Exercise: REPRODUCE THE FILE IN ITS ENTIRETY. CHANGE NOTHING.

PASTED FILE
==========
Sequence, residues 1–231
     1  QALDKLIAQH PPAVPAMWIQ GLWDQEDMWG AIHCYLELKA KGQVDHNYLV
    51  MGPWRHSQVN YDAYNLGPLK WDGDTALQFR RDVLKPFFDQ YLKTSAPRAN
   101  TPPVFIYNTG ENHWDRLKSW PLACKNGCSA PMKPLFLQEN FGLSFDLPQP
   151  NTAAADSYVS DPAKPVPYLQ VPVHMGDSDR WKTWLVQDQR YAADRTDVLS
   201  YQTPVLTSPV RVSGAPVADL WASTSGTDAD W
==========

Sequence, residues 1–231
     1  QALDKLIAQH PPAVPAMWIQ GLWDQEDMWG AIHCYLELKA KGQVDHNYLV
    51  MGPWRHSQVN YDAYNLGPLK WDGDTALQFR RDVLKPFFDQ YLKTSAPRAN
   101  TPPVFIYNTG ENHWDRLKSW PLACKNGCSA PMKPLFLQEN FGLSFDLPQP
   151  NTAAADSYVS DPAKPVPYLQ VPVHMGDSDR WKTWLVQDQR YAADRTDVLS
   201  YQTPVLTSPV RVSGAPVADL WASTSGTDAD W